EMAIL THE BEEKEEPER
Q&A October, Part II
11/12/2010 (updated 11/12/2010)

"Nearly in Love" has always been a special favourite of mine (along with many others from your wonderful repertoire - you should be very proud of what you've achieved).

The lyrics wobble from wry to hilarious - together with "Valerie" it makes a great sock-pow of humour to balance your more, um, sombre work. I also think it's a really pretty tune. A terrific pop song!

But it doesn't seem to crop up on any compilations, apart from one live album, or set lists, and never seems to get a mention in any reviews or discussion pages.

I guess it's a bit tiresome being asked what you think of particular songs (and in many ways the artist's opinion is the least important - it's the listener's that matters most, I suppose), but how do you rate it? - Peter Farrell, Adelaide, Australia


We play it live sometimes in band shows, although not for the last 5 years or so. I would play it solo, but I’m still hunting for the right tuning to get the riff ringing out properly.

As a child I had a horrible stammer and recently read that you had one as well. Out of curiousity, did you naturally grow out of it like I did once my mouth caught up to my brain or did you have therapy? Do you also find your stammer was an unexpected benefit in life as you had to likely listen and observe more than verbally communicate? Finally, were you ever wrongly perceived as a dunce because you were unable to verbally express yourself? Dan Niagara falls, Canada

I never grew out of it. I had therapy as a child, but it didn’t help much. Kids can be very cruel when you’re trying to stammer out a sentence, which just makes it worse. I agree that it forces you to become more of a watcher and listener, which helps as a songwriter. I wasn’t a victim of the dunce thing. I still have problems with certain letters, particularly people’s names that begin with ‘D’ and ‘N’. The worst for me is the telephone, and particularly trying to do live interviews over the phone for the radio – aarrgghh!

A few years back I paid the INA website 6 euros for an excellent download of Pop Deux - the second half of the programme was Fairport Convention live in Paris 1970 - it's truly excellent. Some fairly obvious dubbed clapping at the end of each track, so I suspect a TV shoot with no audience. Do you have any memories? Can it ever be released - it's now part of the show that is not available to even view. Marshall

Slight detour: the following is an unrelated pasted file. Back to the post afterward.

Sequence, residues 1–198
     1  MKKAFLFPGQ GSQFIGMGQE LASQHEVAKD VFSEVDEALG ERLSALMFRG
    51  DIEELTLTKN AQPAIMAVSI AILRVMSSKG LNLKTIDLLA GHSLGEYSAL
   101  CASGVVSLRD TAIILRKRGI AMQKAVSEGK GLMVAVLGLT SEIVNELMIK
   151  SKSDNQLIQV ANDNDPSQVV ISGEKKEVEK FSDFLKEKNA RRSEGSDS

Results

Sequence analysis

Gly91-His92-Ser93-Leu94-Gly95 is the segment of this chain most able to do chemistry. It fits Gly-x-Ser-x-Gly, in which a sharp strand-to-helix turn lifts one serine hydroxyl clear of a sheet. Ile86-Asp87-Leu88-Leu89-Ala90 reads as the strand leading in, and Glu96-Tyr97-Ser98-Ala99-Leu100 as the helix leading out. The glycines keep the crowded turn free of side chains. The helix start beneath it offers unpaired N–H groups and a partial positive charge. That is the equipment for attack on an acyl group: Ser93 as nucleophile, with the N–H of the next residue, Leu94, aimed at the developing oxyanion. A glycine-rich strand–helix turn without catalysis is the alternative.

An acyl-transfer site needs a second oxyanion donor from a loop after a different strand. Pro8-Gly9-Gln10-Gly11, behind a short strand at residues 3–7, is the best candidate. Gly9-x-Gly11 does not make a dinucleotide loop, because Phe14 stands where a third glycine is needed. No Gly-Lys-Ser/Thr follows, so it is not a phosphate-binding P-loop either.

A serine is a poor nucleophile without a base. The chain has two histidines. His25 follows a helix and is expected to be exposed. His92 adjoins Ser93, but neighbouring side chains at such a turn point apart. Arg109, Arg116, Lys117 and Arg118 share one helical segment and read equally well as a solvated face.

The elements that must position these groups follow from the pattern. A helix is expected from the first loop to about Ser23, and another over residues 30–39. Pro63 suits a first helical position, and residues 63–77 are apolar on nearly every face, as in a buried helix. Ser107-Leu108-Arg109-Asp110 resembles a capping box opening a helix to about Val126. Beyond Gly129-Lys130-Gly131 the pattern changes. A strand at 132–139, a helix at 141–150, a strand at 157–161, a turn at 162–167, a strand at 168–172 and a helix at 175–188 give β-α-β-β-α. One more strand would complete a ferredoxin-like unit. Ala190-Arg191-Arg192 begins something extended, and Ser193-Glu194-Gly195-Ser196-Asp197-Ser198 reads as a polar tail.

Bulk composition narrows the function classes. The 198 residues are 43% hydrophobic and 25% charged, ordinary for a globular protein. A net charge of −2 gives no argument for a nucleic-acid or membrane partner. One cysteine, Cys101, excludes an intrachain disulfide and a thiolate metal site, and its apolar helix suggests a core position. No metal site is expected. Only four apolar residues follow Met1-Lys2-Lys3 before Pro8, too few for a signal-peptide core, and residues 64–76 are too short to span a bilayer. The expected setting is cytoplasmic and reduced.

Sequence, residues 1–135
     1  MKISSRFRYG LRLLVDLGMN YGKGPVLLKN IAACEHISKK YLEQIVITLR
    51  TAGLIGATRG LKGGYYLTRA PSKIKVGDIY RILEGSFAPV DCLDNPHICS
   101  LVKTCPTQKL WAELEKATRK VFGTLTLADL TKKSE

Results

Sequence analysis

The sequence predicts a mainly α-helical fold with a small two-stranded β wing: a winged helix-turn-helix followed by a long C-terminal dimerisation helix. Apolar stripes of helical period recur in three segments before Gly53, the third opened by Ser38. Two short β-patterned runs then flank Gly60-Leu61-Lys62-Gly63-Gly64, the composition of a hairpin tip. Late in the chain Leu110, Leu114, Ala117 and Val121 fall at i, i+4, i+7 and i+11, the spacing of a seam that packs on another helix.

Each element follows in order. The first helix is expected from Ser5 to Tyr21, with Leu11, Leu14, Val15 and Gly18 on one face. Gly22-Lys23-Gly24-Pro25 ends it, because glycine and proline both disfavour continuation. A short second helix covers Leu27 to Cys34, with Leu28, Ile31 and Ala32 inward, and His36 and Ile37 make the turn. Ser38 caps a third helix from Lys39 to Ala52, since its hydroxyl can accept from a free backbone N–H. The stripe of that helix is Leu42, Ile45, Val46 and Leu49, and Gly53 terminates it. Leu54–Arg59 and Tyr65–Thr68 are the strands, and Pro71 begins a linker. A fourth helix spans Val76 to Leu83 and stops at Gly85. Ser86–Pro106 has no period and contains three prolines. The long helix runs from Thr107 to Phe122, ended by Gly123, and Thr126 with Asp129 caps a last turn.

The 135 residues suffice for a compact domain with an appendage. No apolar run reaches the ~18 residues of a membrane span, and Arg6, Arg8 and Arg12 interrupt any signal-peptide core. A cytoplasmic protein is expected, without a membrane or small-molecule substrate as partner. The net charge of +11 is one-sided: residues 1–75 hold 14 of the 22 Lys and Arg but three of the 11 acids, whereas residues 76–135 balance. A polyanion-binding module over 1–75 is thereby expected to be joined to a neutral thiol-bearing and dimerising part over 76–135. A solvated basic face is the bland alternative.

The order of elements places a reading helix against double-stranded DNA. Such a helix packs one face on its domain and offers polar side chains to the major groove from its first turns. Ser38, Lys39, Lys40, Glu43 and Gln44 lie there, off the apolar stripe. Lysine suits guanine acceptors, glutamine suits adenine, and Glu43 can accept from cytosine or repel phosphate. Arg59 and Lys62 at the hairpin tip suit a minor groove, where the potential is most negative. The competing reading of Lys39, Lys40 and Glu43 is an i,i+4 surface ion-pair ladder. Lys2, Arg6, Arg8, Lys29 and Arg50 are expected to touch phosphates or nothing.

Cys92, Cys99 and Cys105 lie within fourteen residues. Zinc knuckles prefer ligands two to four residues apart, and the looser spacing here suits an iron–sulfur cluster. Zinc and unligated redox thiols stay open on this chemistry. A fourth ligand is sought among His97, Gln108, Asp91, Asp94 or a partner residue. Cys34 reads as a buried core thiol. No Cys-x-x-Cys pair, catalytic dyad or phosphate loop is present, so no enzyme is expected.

I remember doing it. There was a live audience of some very confused people – I don’t think British Trad-Rock had hit Paris yet – so maybe they had to beef up the applause. I’m thinking this was at the Olympia? The TV company would own the rights, so it’s up to them whether it’s something to be released.

Perhaps an odd question - but have you thought about publishing the Q&As? There is a lot of fascinating stuff, usually far more in depth than the average journo pieces (though to be fair I thought the recent piece in the Word was very good). As someone who's had a couple of Qs answered in the past I know it's a thrill to have that answer (yes we're quite sad out here!), and I for one would be happy to buy the 'book of the Q&As'. Indeed - you could probably fund it from subscriptions, ie pre-orders. That used to be a very common way of funding print runs in the late 19th and early 20th centuries, and I think it does still happen sometimes on private publications. What do you think?

Looking forward to seeing you with Phil Pickett (which was one of my questions you answered!). All best wishes, Graham Keevill


An interesting idea. We could see if it would be popular enough to publish.

Two questions from someone with little knowledge of the music industry or songwriting & arranging

I know from a previous Q&A that you are no fan of bonus tracks on re-released discs. A lot of your old stuff (& Fairport stuff) is coming out with bonus tracks & I believe you said in an interview that you have no control over their inclusion. When you say that, I presume you mean no control over what your old record companies release but that you are still compensated under the royalty regime or whatever.


Yes, no control over what gets released. I think there would be compensation, although most record companies only pay you for so many tracks – usually 12, which makes sense, otherwise everyone would put the maximum number on every record.

I’ve seen you twice live with a band & safe to say you usually “beef up” songs in the live setting – extra guitar solos, etc. Did the live recording of Dream Attic affect your arrangement of the songs i.e. did you, in effect, beef them up from the get-go. Or, to put it another way, had you recorded the disc with the band in a studio, do you think the whole affair might have been a little less – can’t find the right word here – intense? Thanks. Brian Hayes, Ottawa ON

Tracks may have been shorter on a studio recording, as you suggest. It’s hard for me to think that way round, because it didn’t happen.

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